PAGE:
While there have been numerous historical adventure narratives published, this is the first major work to take place in the greatest desert of all. King retraced parts of Captain James Riley's three-month trek through the desert, going for days consuming only camel urine and locusts. The book is rich with the sort of detail one could only get from ...
While there have been numerous historical adventure narratives published, this is the first major work to take place in the greatest desert of all. King retraced parts of Captain James Riley's three-month trek through the desert, going for days consuming only camel urine and locusts. The book is rich with the sort of detail one could only get from being on the scene, in the heart of the desert.
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This won?t be the last time you see a subtitle like A True Story of Survival in one of my reviews. In fact, those five words couldn?t better describe my favorite kind of nonfiction: books where real human beings find themselves in extraordinary struggles against astounding odds to keep existing.
Sometimes the circumstances in such books are seemingly pedestrian?more about internal conflicts than brushes with death. But they?re still about survivors. Two of my favorites are Refuge: An Unnatural History of Family and Place, Terry Tempest Williams?s levelheaded memoir of her battle against the ravages of floods and breast cancer, and Shot in the Heart, Mikal Gilmore?s account of his fight to surmount and understand a family so dysfunctional that it helped to produce his notorious brother, executed murderer Gary Gilmore.
Then there are the nonfictions whose circumstances are almost incomprehensible. Flyboys: A True Story of Courage documents the tortuous conditions and barbaric mistreatment of eight U.S. soldiers held captive by the Japanese military in World War II. And, for me, perhaps the most memorable and moving book of this ilk is Incidents in the Life of a Slave Girl, where Harriet Jacobs writes of fleeing her ruthless nineteenth-century slave-owner and enduring a disfiguring seven-year confinement that caused her unbearable physical and emotional pains, all in her quest to be free.
It?s a cheery stack of books, isn?t it? You might not think so, but each one painstakingly documents the perseverance of the soul, which is invariably captivating and inspiring. And that brings me to Skeletons on the Zahara: A True Story of Survival. First and foremost, this book is an enduring story of human suffering. It?s the account of the 1815 shipwreck of the Commerce, a U.S. merchant ship. When the Commerce runs aground in a storm off the coast of Africa, her crew is thrust into a confounding foreign land and a desperate fight for survival. Guided by Captain James Riley, they escape their crippled vessel, make their way to a nearby beach, and are immediately overtaken by nomads seeking to loot everything of value.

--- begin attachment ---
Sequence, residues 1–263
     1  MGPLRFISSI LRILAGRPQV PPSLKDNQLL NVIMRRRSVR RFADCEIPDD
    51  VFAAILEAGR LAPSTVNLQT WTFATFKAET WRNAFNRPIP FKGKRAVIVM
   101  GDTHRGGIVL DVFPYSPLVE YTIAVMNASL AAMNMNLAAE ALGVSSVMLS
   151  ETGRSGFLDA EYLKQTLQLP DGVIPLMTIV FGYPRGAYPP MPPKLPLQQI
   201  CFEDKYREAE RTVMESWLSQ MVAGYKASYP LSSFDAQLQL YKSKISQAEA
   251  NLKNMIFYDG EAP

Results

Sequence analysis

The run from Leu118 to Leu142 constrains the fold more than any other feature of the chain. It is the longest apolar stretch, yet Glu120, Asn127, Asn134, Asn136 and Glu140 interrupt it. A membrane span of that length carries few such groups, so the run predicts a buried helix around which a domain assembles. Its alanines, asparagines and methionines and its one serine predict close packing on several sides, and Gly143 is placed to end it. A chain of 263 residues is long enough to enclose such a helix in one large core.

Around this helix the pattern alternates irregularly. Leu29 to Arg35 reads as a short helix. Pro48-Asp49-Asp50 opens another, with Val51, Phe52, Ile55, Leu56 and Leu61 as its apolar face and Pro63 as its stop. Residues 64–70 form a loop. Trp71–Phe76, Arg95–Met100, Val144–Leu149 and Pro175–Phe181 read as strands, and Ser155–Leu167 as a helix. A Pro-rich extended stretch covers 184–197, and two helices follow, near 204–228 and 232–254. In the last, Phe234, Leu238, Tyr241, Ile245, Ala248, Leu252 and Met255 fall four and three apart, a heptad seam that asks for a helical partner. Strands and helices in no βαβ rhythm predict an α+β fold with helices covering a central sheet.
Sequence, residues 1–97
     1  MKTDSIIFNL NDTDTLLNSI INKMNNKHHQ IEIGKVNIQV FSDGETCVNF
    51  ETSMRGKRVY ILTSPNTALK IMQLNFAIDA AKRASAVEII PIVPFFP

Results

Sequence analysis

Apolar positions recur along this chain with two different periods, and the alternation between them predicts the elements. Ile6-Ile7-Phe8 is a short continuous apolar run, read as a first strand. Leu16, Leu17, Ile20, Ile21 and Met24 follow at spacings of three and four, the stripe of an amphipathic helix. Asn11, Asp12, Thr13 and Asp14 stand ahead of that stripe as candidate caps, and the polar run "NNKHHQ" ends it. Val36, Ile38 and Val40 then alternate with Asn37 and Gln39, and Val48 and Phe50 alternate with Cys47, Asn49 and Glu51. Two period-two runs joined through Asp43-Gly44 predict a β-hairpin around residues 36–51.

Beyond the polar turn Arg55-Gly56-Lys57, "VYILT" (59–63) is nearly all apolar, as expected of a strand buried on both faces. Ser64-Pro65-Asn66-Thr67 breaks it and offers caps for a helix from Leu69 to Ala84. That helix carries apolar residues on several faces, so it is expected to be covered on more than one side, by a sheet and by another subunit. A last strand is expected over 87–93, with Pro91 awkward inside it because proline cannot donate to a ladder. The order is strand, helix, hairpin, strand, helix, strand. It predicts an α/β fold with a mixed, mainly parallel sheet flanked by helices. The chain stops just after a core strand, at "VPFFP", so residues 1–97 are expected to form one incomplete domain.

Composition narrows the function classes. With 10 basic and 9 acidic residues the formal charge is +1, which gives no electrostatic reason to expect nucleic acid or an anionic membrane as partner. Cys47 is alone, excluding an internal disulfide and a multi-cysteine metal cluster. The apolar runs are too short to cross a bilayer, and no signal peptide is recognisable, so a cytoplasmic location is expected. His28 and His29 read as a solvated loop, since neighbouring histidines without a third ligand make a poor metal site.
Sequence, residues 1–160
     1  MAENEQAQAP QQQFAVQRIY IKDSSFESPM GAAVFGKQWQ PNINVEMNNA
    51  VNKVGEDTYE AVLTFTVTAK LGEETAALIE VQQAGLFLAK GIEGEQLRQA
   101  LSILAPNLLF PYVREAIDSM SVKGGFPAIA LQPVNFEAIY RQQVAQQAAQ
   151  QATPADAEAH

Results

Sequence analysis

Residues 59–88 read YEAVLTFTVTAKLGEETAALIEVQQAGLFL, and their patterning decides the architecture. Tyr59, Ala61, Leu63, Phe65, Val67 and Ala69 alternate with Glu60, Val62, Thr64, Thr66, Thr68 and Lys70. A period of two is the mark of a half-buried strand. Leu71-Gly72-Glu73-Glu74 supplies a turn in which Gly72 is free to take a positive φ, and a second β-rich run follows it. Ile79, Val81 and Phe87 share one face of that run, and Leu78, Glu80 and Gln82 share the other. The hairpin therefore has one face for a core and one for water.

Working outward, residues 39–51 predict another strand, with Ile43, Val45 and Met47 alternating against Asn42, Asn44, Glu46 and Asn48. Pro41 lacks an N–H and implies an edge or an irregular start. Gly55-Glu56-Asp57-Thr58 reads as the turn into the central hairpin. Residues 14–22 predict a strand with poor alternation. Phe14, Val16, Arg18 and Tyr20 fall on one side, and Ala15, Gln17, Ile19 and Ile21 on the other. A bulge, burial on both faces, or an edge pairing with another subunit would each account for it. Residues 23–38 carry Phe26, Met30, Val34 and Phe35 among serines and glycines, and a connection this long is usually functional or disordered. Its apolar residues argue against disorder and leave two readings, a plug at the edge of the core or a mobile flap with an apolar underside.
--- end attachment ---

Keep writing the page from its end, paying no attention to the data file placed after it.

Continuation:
All but one member of the 12-man crew are able to escape with their lives in an unsteady longboat. But after many storm-tossed days at sea, their dehydration forces them back to the coast, where they are stranded on the edge of the Sahara Desert (then called the Zahara) and their most desperate adventure begins. They stumble upon a Sahrawi tribe in the desert and soon discover the vehemence with which these Berber-Arabs desire Christian slaves. After the Sahrawi battle each other for possession of these new slaves, the 12 crew members find themselves separated and numbered among the animals and other belongings of individual slave-masters.
Author Dean King extensively researched his history of the Commerce tragedy, relying especially on the autobiographies of Captain Riley and Archibald Robbins (a crewman) for firsthand depictions of the entire saga. King is wholly successful in re-creating for the reader the vastness and harshness of the Sahara, the complexity of the cultures in that land, and both the personal and overarching narratives that represent this one shipwreck (of many) along Africa?s Cape Bojador. He depicts the intricate, debilitating stages of dehydration and the agonies of hunger, which reduced Captain Riley from his pre-wreck weight of 240 pounds to less than 90 pounds. From the brutality of slavery to the relentlessness of the sun and sand on naked skin to the bone-rattling, thigh-chafing rides atop camels, King paints a vivid picture.
Some of Riley?s men didn?t survive. Some were never able to escape slavery or the Sahara. Little is known of the fates of these men. But Riley and Robbins did live to tell of their harrowing time in Africa. They became national heroes, and their autobiographies were bestsellers. Abraham Lincoln read Riley?s An Authentic Narrative of the Loss of the American Brig Commerce as a boy and considered it a seminal book from his youth. The story also influenced Henry David Thoreau and James Fenimore Cooper. And after experiencing the astounding struggles of the Commerce?s seamen via Skeletons on the Zahara, I can understand why great men and school children were captivated by this timeless story of undying hope.
Sep 20, 2007
And incredible story turned into an incredible book.
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